The Phoenix Suns just finished a really tough 15-game stretch in which 12 of those games were on the road, a paltry three of 15 were against teams with losing records and only one of those "easy" games was at home.
In fact, going into that 15-game stretch, the 23-22 9th-place Suns were projected by www.basketball-reference.com to drop to 12th place, winning only eight more games the rest of the way to finish 31-35, with only an 11 percent chance of making the playoffs in 5,000 simulations. And that was assuming a healthy Steve Nash and Grant Hill in their lineup the whole time. Alas, Grant Hill needed knee surgery and missed nine of those 15 games. Then Nash tweaked a hip and struggled through the last three, barely playing against San Antonio.
Uh-oh. So much for that optimistic 11 percent chance of making the playoffs, right?
But these are Alvin Gentry's Suns, who always play better in the second half. These are the Suns who fight and claw and craft their way to wins they weren't supposed to get. These are the Suns with only two guys in their entire rotation who was a starter on his team immediately preceding his stint with the Suns (Nash and Redd), and one of those had a "career ending" injury.
What ACTUALLY happened in that 15-game gauntlet was a Suns renaissance. Despite injuries to Nash and Hill, the Suns pulled out eight big wins out of 15 (18-9 since the All-Star break overall) and now have the playoffs in their hands after a beat-down of the once-scary-but-now-tanking Trailblazers.
These Suns, with a 39-year old All-Star and 10 role players, own the 8th seed in the West with four of their last five games at home. Given the tiebreakers and ending schedules for all relevant teams, all it takes is a 3-2 finish (with one of those over Utah) to claim a playoff spot.
Let's take a closer look at how we got here, because in retrospect it is a special story.
This brutal 15-game stretch began inauspiciously on March 20 after the Suns had surged from a 14-20 All-Star break funk to win nine of 11 during a long home stretch that gave them a 23-22 record.
I wrote an article at that time about the schedule getting much tougher for the Suns
Playing only the odds, the Suns could comfortably be expected to win just 4 of those 15 games (Cavaliers, Hornets, Kings and Jazz). But really, that's even a stretch since only 1 of those games (Hornets) is a home game. The other teams will likely be tanking though, enhancing the Suns' chances for a needed W.
But what of the other 11 games in that 15-game stretch? Which of those can the Suns hope to win? Maybe Orlando, the NBA's best impression of Jekyll and Hyde. Maybe Indiana, who just got smoked by an energized Knicks team twice in a row. Maybe the Timberwolves, sans Rubio. And maybe Houston, who the Suns seem to be able to beat fairly often.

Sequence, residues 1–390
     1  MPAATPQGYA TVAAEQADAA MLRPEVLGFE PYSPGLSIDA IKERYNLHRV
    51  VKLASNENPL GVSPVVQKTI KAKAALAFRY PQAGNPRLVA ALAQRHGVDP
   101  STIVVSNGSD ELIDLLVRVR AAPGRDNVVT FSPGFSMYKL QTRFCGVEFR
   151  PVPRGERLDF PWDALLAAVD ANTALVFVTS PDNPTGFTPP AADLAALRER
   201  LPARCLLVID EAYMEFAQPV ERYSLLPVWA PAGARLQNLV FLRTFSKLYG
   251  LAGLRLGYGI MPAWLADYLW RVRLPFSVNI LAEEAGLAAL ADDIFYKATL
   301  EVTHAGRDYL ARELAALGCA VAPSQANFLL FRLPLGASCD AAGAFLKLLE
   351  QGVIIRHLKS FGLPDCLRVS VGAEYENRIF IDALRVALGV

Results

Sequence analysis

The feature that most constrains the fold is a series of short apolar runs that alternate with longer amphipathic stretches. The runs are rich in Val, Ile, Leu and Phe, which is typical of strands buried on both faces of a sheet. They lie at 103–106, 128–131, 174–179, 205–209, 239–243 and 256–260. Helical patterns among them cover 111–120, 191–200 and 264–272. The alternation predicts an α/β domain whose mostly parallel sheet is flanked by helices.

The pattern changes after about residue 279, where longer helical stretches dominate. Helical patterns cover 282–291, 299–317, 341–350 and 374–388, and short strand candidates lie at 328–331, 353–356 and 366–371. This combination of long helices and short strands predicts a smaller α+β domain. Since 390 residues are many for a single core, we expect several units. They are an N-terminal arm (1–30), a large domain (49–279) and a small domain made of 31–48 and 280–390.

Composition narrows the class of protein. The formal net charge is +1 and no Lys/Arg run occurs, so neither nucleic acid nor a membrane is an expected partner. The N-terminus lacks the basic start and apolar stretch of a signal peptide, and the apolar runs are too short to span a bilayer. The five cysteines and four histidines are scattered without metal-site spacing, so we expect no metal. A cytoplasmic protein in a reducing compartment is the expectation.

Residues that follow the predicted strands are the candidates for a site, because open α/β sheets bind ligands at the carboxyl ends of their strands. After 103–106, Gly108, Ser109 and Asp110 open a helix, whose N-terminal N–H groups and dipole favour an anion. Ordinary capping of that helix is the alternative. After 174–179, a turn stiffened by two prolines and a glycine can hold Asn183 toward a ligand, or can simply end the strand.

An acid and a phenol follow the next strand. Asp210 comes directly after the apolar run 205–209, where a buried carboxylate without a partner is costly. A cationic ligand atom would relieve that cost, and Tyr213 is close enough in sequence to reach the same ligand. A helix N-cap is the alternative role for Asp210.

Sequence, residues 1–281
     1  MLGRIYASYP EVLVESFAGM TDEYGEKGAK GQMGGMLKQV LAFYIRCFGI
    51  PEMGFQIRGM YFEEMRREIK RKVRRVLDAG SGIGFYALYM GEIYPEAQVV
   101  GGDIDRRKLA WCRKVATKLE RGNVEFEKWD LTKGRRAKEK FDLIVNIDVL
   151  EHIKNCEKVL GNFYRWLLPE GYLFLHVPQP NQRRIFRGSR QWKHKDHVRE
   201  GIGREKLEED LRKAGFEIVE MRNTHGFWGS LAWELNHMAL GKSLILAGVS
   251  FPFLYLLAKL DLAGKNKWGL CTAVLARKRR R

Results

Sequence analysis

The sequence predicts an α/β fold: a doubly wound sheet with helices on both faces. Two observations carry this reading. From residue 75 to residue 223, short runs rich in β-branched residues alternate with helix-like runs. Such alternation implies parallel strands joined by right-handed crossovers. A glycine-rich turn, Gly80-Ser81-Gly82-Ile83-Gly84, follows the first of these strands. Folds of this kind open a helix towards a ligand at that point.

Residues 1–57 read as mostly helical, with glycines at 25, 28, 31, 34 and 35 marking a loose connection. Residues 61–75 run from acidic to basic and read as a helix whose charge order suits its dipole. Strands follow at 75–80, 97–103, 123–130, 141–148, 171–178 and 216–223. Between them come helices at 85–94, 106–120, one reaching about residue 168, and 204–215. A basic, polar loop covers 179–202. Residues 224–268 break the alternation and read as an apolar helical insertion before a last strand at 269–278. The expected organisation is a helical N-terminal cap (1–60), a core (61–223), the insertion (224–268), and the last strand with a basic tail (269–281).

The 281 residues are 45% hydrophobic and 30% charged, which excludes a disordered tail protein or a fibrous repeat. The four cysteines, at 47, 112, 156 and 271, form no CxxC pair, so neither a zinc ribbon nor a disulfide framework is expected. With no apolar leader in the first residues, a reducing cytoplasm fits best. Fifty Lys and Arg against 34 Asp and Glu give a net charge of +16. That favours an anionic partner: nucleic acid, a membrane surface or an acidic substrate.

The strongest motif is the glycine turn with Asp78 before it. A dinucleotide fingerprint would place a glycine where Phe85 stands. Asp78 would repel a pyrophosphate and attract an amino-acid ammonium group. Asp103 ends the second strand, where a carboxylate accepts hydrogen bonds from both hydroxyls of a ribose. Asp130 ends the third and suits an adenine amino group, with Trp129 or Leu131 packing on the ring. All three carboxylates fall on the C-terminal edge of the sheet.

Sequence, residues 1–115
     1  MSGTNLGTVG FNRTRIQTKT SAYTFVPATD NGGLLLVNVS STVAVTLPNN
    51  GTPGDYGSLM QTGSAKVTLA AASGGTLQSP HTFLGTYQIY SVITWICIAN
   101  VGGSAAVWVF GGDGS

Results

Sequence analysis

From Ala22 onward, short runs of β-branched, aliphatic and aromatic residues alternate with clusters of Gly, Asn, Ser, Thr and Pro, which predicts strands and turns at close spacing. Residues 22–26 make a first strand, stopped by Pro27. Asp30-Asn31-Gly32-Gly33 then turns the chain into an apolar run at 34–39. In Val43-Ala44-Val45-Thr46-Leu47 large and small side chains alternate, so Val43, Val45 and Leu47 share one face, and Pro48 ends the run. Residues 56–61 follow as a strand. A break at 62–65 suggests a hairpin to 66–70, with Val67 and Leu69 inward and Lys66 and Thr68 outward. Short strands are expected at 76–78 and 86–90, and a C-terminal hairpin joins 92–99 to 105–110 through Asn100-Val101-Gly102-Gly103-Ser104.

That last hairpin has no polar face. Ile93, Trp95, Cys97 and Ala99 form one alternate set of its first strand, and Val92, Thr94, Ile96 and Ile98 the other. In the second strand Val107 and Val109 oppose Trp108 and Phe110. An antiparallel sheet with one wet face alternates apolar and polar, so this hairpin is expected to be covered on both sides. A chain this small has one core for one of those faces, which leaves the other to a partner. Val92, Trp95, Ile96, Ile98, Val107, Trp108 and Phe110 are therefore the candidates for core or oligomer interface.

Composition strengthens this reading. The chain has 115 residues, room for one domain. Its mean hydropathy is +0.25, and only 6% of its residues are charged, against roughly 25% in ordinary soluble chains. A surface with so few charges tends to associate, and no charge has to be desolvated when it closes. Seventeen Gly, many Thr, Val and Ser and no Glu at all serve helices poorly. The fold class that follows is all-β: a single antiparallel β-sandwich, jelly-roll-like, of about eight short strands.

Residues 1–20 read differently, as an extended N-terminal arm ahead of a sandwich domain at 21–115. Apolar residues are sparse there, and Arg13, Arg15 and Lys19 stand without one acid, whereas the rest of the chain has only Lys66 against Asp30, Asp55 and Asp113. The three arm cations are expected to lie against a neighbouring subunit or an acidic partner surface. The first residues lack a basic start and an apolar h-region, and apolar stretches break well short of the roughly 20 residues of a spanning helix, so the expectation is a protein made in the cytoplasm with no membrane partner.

So, if all goes really well, then the Suns might take 7 or 8 wins out of this 15-game stretch. But you can't put those 7 or 8 wins in your back pocket. Just thinking reasonably, the Suns will lose at least 2 of those "winnable" games. To offset those losses, the Suns would have to pull off a couple of upsets against better teams just to come out of this 15-game stretch with a .500 record.
And that was when I assumed the Jazz would fade from relevancy. Unfortunately, they have not -- even beating the Mavericks last night in triple overtime to stay within 1/2 game of the Suns.
In fact, the Suns won eight of those 15 and now sit in 8th place in the West for their troubles.
Look at these juicy stats since the All-Star break for the Suns:
- 4th in the NBA in points-per-game at 103.1
- 6th in offensive efficiency
- 5th in assists per game
- 2nd in shooting percentage (.475)
- 3rd fewest turnovers per game
- 6th in blocks per game
- 13th in rebounding (historically a terrible number for the Suns)
- 15th in defensive efficiency
The Phoenix Suns are considered "deep" again. National commentators are touting the play of the bench unit. Opposing bloggers (Dave, from BEdge) mention the Suns depth in game previews. Alvin Gentry called this one of his favorite teams ever, in terms of the collection of guys in that locker room.
Now the Suns need to close the deal. Five games left against playoff-caliber competition: 2nd-seeded Thunder, 4th-seeded Clippers, 6th-seeded Nuggets, 9th-seeded Jazz and finally the top-seeded Spurs. Another gauntlet, but certainly doable. Three wins is all the Suns need.
This is a special 2nd-half, folks. Don't blink or you'll miss it.